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Missed by the Charts


Real Life, Brandon Taylor

Brandon Taylor’s Real Life is the story of Wallace, a Black, gay biochemistry student studying in a predominantly white university. But it is Taylor’s intimate prose and unflinching examination of American race relations that has garnered such reverence for his stunning debut:

“When you tell white people that something is racist, they hold it up to the light and try to discern if you are telling the truth as if they can tell by the grain if something is racist or not, and they always trust their own judgment. It’s unfair because white people have a vested interest in undermining racism, its amount, its intensity, its shape, its effects. They are the fox in the henhouse.”

Taylor’s characterisation of Wallace is a quiet triumph of character study which explores the perils of Blackness in a predominantly white setting, evoking trauma, desire and loneliness. 2020 has shown that we live in a culture that makes little effort to understand the experiences of queer people of colour, but Real Life screams its visibility, something that is particularly resonant as it’s a frontrunner for the most diverse Booker shortlist ever.

There is a sharp undercurrent of the erotic throughout that recalls the sensuality of Donna Tartt’s The Secret History. Indeed, Real Life follows a long line of campus novels beloved by many, including Evelyn Waugh’s Brideshead Revisited, Kingsley Amis’ Lucky Jim and John Williams’ Stoner, but Taylor provides a much-needed lens to the genre that privileges the viewpoint of a young, gay, Black American man. This is a worthy addition to this esteemed genre, and one that will hopefully be remembered as on par with these classic works.


Intimations – Zadie Smith

Written at the beginning of a global crisis, Intimations touches upon the darkness of our times with words that have an astute sort of lightness. Smith’s collection, born at the stage of lockdown where one could joke about never-ending zoom calls and baking banana bread, manages to find common ground with others when human connection was, for most, at its lowest. It is interesting to revisit those ideas and feelings – ones that simultaneously seem so long ago yet remain so of the moment – at a time when Britain once again finds itself teetering towards a national lockdown.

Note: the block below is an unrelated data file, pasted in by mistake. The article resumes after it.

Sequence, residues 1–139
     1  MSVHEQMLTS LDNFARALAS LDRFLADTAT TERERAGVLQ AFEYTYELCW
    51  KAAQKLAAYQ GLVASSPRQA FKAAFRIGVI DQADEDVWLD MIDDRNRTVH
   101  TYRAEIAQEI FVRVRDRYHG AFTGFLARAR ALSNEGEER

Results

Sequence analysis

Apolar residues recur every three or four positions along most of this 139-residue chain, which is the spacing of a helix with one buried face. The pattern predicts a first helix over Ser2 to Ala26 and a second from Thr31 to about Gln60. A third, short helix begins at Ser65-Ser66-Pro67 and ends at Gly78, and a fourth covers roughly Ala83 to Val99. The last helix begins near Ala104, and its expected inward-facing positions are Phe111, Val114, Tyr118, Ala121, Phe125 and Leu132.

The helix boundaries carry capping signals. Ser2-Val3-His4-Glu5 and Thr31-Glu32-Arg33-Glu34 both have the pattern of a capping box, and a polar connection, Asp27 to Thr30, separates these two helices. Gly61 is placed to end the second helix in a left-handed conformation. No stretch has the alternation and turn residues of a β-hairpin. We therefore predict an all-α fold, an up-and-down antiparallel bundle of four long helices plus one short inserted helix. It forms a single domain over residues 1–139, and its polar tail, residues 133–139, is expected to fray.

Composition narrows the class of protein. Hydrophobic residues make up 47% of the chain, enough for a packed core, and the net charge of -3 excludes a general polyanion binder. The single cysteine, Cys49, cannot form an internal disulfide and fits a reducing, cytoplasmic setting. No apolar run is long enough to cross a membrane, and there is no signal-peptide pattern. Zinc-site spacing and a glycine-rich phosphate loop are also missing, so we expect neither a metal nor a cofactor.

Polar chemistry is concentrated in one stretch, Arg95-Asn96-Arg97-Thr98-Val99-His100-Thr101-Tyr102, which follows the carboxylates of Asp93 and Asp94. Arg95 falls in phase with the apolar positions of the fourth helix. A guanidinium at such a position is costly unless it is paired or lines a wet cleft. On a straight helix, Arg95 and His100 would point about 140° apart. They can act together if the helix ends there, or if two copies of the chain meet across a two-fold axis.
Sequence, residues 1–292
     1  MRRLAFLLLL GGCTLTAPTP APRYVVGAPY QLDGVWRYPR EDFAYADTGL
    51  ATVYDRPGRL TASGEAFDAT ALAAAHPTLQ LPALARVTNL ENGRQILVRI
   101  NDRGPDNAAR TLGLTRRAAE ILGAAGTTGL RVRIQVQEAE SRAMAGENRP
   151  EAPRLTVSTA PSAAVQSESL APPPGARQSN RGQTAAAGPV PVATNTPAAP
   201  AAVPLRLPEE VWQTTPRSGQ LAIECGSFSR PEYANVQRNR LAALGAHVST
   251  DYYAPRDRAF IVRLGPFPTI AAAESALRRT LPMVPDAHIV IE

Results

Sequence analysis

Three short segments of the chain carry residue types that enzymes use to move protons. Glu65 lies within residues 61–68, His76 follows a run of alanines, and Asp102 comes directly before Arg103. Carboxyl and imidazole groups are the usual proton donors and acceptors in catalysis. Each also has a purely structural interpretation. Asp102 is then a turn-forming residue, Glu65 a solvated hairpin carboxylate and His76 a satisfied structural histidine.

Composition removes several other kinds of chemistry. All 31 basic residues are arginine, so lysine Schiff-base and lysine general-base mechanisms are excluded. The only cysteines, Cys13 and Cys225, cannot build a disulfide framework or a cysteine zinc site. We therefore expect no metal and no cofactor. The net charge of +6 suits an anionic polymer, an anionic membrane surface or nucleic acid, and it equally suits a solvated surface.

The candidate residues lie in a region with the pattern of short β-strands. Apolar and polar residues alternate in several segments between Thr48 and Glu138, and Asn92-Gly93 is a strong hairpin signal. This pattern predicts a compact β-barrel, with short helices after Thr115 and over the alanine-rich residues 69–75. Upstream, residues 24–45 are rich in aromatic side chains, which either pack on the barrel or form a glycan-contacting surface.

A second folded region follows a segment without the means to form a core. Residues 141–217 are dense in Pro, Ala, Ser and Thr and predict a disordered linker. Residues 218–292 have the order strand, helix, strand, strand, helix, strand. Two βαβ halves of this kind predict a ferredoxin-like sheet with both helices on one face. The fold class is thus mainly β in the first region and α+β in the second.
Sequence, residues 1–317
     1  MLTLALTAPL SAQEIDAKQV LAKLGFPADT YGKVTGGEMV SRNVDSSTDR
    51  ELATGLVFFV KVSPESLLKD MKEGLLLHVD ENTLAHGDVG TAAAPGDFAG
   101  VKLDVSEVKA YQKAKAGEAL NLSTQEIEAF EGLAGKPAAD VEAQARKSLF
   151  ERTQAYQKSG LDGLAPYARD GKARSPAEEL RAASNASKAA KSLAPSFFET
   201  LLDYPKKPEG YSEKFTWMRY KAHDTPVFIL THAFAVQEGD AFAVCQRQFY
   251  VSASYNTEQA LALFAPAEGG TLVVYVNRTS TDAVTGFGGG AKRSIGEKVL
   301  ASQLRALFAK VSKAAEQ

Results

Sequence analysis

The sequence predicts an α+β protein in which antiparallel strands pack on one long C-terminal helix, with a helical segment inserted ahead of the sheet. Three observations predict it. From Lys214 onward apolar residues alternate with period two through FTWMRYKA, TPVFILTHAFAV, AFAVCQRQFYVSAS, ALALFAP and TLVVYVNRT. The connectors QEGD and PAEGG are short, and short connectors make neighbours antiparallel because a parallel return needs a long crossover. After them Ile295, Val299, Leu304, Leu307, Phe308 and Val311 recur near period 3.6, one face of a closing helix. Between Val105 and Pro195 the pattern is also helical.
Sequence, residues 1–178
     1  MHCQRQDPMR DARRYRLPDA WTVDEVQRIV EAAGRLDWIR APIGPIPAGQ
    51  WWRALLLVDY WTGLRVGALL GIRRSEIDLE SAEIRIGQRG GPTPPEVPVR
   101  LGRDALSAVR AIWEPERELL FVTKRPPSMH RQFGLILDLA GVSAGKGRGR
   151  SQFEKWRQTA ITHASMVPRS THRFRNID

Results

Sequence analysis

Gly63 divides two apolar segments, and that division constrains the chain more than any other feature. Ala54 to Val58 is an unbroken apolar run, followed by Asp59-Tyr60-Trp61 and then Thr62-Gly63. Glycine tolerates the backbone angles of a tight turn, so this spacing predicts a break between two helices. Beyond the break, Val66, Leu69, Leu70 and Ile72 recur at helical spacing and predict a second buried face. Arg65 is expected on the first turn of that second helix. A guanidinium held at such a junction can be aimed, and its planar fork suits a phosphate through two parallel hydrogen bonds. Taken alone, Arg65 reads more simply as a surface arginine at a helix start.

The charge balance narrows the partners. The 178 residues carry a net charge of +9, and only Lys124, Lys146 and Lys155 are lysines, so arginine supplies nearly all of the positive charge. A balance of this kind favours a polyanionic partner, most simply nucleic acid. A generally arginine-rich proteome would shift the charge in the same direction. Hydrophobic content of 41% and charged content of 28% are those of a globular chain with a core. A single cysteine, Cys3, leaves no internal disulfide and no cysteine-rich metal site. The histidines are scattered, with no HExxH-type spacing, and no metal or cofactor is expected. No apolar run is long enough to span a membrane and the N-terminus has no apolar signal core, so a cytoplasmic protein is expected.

With a lot of people struggling to muster anything more than a short attention span, these six essays are easily digestible whilst maintaining a certain level of thoughtfulness, and they are written in such a matter-of-fact way that it is difficult to see how anyone could argue against them. A particular highlight is ‘Postscript: Contempt as a Virus’ which, like most of the collection, is an exploration of the current and continuing failures of society. And, though it is easy to be sceptical of publications that touch on life during the pandemic since many of us are not ready to see our new realities reflected in art, Smith’s essays hone in on problems that already existed. Problems that the pandemic made us finally stop and pay attention to; our underfunded national health service, mental health and racism – to name a few. The question now is, what are we going to do about them?

The Chiffon Trenches – André Leon Talley

If you’re not that interested in the world of fashion and think that this book won’t be for you, think again. It’s intriguing, heart-breaking and full of gossip. From Anna Wintour to Karl Lagerfeld and everyone in-between, Talley doesn’t hold back in this fresh, confronting and excellently written memoir.

This is a candid examination of the notoriously ruthless fashion industry. Talley is humorous, mysterious and not afraid to confront his demons, discussing his problems with weight and extreme self-awareness. He also highlights the tragic effect that AIDs had on the fashion world. Most importantly and heartbreakingly, he discusses the instances of racism that followed him throughout his career. As one of the first high-profile Black men in the fashion industry, Talley helped to pave the way for those who came after him. His influence on this industry cannot be understated.

As well as recounting these serious experiences, he also provides the reader with delightfully devilish tales of his friendships within the fashion world. He does not hold back, even acknowledging that this book might change his relationships with those still in the industry. He mentions people such as Beyoncé, Renée Zellweger and Michelle Obama with an eye for entertainment and a talent for knowing what gossip the reader is after.

Talley strikes the perfect balance between entertaining and serious, humorous and informative. It’s a tough read at times, but you are compelled to keep reading - gripped by what Talley has written. He writes both his personal and professional life with emotion, clarity and bravery. An absolute must-read, highlighting the incredible life of one of the few high-profile Black men in the fashion industry at this time.



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